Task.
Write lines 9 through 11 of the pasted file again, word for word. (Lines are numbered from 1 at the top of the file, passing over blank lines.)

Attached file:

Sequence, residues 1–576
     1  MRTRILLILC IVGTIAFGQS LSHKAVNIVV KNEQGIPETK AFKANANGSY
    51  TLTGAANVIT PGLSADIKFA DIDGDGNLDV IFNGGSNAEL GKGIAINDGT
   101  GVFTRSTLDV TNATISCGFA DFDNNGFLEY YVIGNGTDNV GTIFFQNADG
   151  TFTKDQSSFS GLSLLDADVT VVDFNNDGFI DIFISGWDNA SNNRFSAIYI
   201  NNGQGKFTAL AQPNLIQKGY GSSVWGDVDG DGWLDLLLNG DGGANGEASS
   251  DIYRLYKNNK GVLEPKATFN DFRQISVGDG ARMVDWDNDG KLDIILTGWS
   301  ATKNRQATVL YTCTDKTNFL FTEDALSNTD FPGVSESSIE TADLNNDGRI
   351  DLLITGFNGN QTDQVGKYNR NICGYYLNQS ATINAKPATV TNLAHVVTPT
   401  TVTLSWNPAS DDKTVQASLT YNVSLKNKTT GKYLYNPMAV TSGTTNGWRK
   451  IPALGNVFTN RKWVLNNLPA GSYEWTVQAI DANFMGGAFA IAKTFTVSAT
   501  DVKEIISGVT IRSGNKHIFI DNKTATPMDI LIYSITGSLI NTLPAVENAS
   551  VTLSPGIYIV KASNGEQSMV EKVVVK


   351  DLLITGFNGN QTDQVGKYNR NICGYYLNQS ATINAKPATV TNLAHVVTPT
   401  TVTLSWNPAS DDKTVQASLT YNVSLKNKTT GKYLYNPMAV TSGTTNGWRK
   451  IPALGNVFTN RKWVLNNLPA GSYEWTVQAI DANFMGGAFA IAKTFTVSAT